Thoughts on the Revolving Door

Why would interest groups want to hire former members of Congress as lobbyists?  Do you support making this practice illegal?

Former members of Congress have experience in government and have a lot of great access and connections with powerful people – which is obviously ideal for groups looking to hire someone to help their cause. Because of their unique qualifications, former members of Congress can hugely help interest groups – and because of that, the now-unemployed politicians are paid serious amounts of money to lobby for the group.

This so-called ‘revolving door’ between Capitol Hill and K Street (which includes staffers as well, not just actual members of Congress) is unquestionably problematic. For example, in February, The New York Times wrote: “A top aide to a Republican congressman from Arizona helped promote a legislative plan to overhaul the nation’s home mortgage finance system. Weeks after leaving his government job, he reappeared on Capitol Hill, now as a lobbyist for a company poised to capitalize on the plan.” Such mingling of interests could arguably be called corruption. 

While undoubtedly troublesome, making the practice illegal would be extremely difficult, if not flat-out impossible. (Additionally, it should be noted that this issue is a part of the complex and vast problem of well-funded special interests unfairly influencing our government.) Considering how Congress (often under the influence of lobbyists) are the ones who would be in charge of making the practice illegal, it’s almost unimaginable that a Congress (who can’t seem to reach a consensus on just about anything) would pass a bill that would potentially cut millions of dollars from their future earnings. It’s quite frankly absurd to seriously think that the same scumbag politicians and lobbyists who use the revolving door would vote against their self-interests – even if their self-interests directly contrast with the interests of our nation in general. (On a similar and related note, career politicians can be problematic as well, but, as I’ve written before, it’s silly to think that those same career politicians would support term-limits that would shorten their careers.)

While there doesn’t seem to be a complete solution, we aren’t powerless against such corruption. We the people vote for Congress. And we have the power to vote for politicians who are committed to their principles. For example, former Congressman Ron Paul, while controversial to many people, fully deserves praise for refusing to give in to lobbyists – as the notorious Jack Abramoff has explained. Congressman Justin Amash is another good example. It would be much easier for Americans to vote for politicians who won’t submit to lobbyists than to expect our current politicians to make the practice illegal.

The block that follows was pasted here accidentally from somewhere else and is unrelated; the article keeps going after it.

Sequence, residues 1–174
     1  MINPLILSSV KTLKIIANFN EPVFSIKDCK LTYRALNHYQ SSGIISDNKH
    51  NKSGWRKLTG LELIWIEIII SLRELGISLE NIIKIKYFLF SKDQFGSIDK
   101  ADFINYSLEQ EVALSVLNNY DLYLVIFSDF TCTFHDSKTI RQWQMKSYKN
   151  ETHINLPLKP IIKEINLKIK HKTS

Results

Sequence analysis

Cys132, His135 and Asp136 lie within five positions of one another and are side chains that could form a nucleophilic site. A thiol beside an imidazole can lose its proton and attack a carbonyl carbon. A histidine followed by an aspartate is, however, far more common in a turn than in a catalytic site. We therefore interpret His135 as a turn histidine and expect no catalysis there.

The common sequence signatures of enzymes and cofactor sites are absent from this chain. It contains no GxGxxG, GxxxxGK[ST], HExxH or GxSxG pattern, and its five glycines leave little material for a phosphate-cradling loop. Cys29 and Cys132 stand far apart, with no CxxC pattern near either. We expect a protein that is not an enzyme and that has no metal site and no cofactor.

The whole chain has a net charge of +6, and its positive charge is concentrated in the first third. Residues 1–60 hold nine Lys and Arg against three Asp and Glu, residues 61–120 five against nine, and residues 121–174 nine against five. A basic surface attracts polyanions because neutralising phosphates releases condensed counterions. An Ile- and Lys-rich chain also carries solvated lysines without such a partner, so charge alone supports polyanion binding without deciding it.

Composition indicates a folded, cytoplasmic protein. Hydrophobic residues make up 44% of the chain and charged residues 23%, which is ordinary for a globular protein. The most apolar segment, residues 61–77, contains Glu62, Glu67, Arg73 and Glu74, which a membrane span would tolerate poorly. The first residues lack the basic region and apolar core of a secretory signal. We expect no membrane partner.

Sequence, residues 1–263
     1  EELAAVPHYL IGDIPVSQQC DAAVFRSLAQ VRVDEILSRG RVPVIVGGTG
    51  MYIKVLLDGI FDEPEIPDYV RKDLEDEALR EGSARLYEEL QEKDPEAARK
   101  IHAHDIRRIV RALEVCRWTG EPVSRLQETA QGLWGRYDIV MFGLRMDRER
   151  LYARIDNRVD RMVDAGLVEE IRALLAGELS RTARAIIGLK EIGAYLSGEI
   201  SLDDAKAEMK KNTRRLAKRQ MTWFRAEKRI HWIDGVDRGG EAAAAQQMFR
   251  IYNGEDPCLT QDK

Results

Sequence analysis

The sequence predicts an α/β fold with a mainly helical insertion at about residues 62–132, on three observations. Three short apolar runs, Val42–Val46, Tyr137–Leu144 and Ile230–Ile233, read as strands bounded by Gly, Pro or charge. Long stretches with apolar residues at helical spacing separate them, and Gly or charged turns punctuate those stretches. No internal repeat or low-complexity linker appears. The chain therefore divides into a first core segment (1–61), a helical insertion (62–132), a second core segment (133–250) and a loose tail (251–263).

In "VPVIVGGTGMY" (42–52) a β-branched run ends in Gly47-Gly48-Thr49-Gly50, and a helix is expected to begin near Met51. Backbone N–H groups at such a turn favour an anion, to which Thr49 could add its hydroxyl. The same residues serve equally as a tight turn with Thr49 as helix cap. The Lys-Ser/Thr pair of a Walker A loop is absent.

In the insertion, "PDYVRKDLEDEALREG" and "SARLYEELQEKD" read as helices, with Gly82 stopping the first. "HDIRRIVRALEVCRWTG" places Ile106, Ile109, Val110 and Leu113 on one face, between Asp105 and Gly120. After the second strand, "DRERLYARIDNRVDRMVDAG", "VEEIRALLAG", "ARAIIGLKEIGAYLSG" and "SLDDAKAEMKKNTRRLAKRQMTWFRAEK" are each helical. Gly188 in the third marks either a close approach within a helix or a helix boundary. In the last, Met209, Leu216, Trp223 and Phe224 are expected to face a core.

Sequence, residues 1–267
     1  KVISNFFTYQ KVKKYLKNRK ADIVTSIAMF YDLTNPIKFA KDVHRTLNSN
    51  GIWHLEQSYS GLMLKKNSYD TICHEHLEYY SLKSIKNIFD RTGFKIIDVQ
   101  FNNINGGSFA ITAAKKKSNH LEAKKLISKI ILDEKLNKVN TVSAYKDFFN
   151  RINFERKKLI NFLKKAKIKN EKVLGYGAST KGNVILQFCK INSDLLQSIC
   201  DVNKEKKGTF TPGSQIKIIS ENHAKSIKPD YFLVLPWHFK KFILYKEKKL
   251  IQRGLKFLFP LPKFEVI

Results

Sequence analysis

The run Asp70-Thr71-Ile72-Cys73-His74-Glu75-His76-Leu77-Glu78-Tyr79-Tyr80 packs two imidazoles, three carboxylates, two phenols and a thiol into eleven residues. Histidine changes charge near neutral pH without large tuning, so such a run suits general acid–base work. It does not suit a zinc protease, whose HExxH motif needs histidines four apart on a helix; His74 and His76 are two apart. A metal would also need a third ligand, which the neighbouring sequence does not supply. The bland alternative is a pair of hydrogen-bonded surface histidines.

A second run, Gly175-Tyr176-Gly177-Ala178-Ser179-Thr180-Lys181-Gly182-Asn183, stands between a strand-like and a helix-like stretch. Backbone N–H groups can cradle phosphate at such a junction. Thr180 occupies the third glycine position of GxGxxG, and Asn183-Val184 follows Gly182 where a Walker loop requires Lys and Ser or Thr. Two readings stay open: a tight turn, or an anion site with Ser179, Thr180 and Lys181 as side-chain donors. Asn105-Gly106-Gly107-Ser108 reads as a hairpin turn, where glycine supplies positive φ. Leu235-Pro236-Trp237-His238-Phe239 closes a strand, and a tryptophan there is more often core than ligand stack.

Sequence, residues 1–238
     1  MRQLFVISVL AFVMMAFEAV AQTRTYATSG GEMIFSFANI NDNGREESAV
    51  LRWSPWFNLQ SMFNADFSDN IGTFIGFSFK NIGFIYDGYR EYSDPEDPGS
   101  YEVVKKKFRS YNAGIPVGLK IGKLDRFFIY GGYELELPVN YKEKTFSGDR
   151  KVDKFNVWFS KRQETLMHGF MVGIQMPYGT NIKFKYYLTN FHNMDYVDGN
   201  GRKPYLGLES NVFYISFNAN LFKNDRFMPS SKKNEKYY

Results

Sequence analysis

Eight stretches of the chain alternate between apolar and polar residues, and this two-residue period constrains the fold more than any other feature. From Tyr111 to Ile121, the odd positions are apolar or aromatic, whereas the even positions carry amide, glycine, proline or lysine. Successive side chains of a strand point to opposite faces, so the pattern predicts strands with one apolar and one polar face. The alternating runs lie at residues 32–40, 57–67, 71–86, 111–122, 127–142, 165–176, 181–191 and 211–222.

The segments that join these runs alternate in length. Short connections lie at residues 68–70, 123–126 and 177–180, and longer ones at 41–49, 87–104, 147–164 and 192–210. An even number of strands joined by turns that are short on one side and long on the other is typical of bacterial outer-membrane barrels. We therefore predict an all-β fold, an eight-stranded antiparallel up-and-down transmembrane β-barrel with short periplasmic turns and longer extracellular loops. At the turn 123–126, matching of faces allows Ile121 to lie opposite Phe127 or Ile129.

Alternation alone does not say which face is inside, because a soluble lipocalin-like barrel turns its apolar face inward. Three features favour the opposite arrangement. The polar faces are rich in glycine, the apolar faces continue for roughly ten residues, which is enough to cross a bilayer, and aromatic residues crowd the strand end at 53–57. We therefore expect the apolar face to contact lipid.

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Recommended Readings (March 2014)

Every once in a while, I try to acknowledge some of the most interesting articles that I’ve read recently. (Feel free to check out my lists of recommendations from February 17thJune 20thJuly 28th and August 8th.) I’ve tried to recommend readings that are relatively timeless, with some from this month and some from sources from the past. I tried to include articles that are interesting or funny or thought-provoking or insightful or all of the above, but there’s no real methodology. Below, in no particular order, I’ve provided the links and some of my favorite quotes from the readings.

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Who are American Evangelicals?

Today in America, Evangelicals are estimated to make up a quarter of the population, or, at least, according to other estimates, 50 million people.  The term ‘evangelical’ has a lot of connotations and stereotypes associated with it.  For example, some consider an Evangelical to be “anyone who likes Billy Graham.”  Like most stereotypes, some of the characterizations of Evangelicals are at least partly rooted in truth.  But who are American Evangelicals really?  In this essay, I will examine what it means to be an evangelical, the origins and history of evangelicalism, and modern evangelicalism before concluding.

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A Thank You Note to Emma Goldman

Emma Goldman (1869 – 1940) is one of the most under-appreciated figures in history. She fought for workers’ rights, for women’s rights, for birth control, for free speech, for peace.

(Check out the PBS documentary with more information here)

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Stop Whitewashing History: The Civil War Was About Slavery

In one of my opinion columns for The Horn, I advocated removing the statues of Confederate leaders from the University of Texas at Austin’s campus. I’ve been surprised and disappointed by how many people are truly proud of our Confederate history. Many believe that slavery wasn’t the main cause of the Civil War, and that the Southerners were fighting “about autonomy/ freedom from a authoritarian government,” as one commenter wrote.

In fact, a survey conducted by the Pew Research Center in 2011 found that 48% of Americans considered states’ rights to be the primary cause of the war, compared to only 38% who said the war was mainly about slavery.

However, the vast majority of historians today, as well as firsthand accounts from the time, point out that slavery was undoubtedly the primary factor of the American Civil War (although, of course, not the only cause).

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